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The #OscarsSoWhite Hashtag Is Pure Comedy Gold

Selma squeaked into the expanded Best Picture category, but didn't score any other major category nominations, and black people up and went like '12 Years a Slave' just never even happened.

The Academy of Motion Picture Arts and Sciences has announced its nominees for the 2015 Oscars, and the slate of films, directors, actors, and actresses being honored this year reflects the sort of diversity you'd normally only see during a marathon of History Channel reality shows. While the film Selma, which depicts Dr. Martin Luther King Jr.'s struggle for voting rights, was nominated for Best Picture, there was not a single person of color nominated in any of the other major categories, including Selma director Ava DuVernay for Best Director. The films Birdman and Grand Budapest Hotel led the field with nine nominations apiece, while Selma scored only one other nod, for Best Song.

Even that Best Picture nomination is something of a consolation prize, coming as it does after the Academy, in 2009, expanded the category to allow up to 10 nominees, which means the overwhelmingly old white male voters would otherwise likely have nominated the five films that got Best Director nods.

The snub of Selma's cast and director, as well as every other critically-acclaimed black actor or filmmaker this year (Gugu Mbatha-Raw turned in two such performances in 2014) sparked immediate outrage on Twitter, where the hashtag #OscarsSoWhitetook over the social media platform Thursday morning. While White Twitter was wondering how it was that 12 Years A Slave had worn off already, #BlackTwitter was offering razor-sharp critiques of a longstanding issue. While the 2014 Oscars, where 12 Years won Best Picture and Lupita Nyong'o won for Best Supporting Actress, probably seem like a beacon of diversity compared to this year's roster, there were many more deserving films and performances that weren't even nominated last year. As this handy chart shows, the outrage over 2015 is tempered by the knowledge that this is nothing new.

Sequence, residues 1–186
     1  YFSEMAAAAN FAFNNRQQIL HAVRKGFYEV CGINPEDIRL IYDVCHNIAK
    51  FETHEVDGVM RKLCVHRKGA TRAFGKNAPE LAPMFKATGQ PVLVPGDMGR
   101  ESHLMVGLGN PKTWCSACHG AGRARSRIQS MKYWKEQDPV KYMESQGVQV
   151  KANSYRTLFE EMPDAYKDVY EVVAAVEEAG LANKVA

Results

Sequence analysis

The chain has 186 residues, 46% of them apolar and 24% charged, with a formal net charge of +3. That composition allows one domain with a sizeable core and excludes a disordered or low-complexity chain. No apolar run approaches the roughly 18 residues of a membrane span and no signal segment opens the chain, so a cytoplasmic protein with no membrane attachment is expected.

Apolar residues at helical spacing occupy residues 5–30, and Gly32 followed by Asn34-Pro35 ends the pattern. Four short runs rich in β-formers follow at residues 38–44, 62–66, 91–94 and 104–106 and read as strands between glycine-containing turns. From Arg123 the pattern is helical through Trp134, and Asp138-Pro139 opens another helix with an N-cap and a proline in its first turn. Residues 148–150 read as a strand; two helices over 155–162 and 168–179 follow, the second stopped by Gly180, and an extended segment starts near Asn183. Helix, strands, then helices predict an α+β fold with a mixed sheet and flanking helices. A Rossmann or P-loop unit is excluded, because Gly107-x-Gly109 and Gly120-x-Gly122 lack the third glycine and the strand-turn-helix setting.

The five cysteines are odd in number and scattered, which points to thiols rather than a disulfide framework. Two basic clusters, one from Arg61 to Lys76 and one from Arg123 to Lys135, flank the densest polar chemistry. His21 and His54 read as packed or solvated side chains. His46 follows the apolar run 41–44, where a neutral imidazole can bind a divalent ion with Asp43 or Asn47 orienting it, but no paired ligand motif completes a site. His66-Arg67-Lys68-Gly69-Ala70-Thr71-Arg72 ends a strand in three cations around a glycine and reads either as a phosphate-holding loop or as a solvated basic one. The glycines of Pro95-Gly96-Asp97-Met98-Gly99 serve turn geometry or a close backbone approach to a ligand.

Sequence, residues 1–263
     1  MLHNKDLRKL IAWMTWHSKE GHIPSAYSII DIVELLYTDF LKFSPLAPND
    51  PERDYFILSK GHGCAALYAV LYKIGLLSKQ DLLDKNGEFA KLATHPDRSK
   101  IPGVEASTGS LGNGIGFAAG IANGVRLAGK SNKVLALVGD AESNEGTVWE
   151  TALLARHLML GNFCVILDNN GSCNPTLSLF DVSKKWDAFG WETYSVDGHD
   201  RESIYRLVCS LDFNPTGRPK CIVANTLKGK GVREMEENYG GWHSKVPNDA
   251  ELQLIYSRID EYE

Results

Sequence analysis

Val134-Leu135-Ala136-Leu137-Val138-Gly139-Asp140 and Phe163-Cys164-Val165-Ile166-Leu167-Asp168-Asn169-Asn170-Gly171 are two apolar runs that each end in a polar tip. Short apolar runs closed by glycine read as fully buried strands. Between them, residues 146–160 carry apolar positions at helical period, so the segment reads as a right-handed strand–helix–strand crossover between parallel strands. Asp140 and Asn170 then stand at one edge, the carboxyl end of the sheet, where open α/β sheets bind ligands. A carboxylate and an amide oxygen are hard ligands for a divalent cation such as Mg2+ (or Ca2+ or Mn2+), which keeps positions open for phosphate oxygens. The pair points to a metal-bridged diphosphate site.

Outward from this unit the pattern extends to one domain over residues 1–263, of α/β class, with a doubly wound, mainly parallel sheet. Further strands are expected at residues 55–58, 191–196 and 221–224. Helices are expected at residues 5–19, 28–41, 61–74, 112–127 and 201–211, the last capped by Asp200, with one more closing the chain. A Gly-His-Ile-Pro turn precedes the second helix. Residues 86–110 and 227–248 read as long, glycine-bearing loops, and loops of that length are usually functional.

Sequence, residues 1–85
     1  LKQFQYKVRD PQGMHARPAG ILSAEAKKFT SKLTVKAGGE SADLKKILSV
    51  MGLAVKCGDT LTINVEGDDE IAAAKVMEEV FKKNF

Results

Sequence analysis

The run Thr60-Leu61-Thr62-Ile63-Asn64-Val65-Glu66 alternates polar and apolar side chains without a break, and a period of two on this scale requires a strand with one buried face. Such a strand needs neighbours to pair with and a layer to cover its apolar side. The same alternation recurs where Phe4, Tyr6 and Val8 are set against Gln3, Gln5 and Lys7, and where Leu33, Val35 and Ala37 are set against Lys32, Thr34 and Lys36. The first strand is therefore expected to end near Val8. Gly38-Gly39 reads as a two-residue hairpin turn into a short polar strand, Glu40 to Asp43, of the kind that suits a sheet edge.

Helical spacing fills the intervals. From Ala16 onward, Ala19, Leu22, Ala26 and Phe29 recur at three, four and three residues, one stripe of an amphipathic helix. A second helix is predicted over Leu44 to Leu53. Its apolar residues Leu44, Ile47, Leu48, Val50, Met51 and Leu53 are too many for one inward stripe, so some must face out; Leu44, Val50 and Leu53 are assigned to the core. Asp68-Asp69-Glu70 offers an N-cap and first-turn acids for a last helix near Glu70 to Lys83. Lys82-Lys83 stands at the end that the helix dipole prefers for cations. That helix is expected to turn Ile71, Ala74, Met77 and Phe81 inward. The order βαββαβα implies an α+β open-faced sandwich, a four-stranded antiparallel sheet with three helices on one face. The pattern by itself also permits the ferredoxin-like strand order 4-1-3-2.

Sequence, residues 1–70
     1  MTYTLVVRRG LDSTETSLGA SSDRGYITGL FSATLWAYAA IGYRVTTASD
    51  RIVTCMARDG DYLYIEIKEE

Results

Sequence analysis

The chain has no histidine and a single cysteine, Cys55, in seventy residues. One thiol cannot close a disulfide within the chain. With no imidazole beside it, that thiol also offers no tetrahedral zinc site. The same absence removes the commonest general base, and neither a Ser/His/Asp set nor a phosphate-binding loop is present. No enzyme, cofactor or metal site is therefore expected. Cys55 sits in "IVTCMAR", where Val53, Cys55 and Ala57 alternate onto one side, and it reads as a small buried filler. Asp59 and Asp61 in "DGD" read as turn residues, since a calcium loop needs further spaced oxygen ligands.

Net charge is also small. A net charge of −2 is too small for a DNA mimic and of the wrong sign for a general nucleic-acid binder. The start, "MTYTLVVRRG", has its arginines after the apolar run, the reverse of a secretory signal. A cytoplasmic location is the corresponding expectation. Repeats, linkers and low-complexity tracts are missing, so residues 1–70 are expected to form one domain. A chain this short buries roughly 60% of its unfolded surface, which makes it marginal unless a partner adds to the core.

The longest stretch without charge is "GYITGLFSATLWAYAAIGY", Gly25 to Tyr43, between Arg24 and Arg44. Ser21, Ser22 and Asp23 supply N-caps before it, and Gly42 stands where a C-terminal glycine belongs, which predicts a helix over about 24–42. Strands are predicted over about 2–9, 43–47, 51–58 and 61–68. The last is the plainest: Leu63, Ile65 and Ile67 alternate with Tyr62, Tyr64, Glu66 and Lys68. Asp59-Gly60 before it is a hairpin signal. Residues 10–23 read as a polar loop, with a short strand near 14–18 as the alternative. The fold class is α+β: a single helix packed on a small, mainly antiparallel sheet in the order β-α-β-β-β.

The #OscarsSoWhite tweets ran the gamut, lampooning Hollywood's history of discrimination, film stereotypes, white "post-racial" attitudes on race, and Fox News. Many of them were damn funny, like these personal favorites:

What also struck me is how many of the tweets poked fun at white people themselves, and how those tweets collectively landed. Sure, there was a lot of anger directed at particular racial injustices, but the mockery of actual white people was remarkably gentle, almost affectionate. I mean, this is Twitter, where people will troll a basket of kittens, but the meanest thing said about actual white people is that we either shower too much or not enough, and that we're not as down as we think we are.

By way of contrast, another Twitter user got it in her head that the #OscarsSoWhite hashtag was, itself, racist, wondering, in patented white person logic, what would happen if there were an #OscarsTooBlack hashtag. Here's how she illustrated the point:

That's right, even on Twitter, where anybody is liable to say anything at any given time, white people are fond of pumpkin spice lattés equals black people are criminals. As much as any incisive commentary I could think of, this sums up the state of race relations these days, and the stakes, because while anyone can be ignorant, only white people can truly afford to be.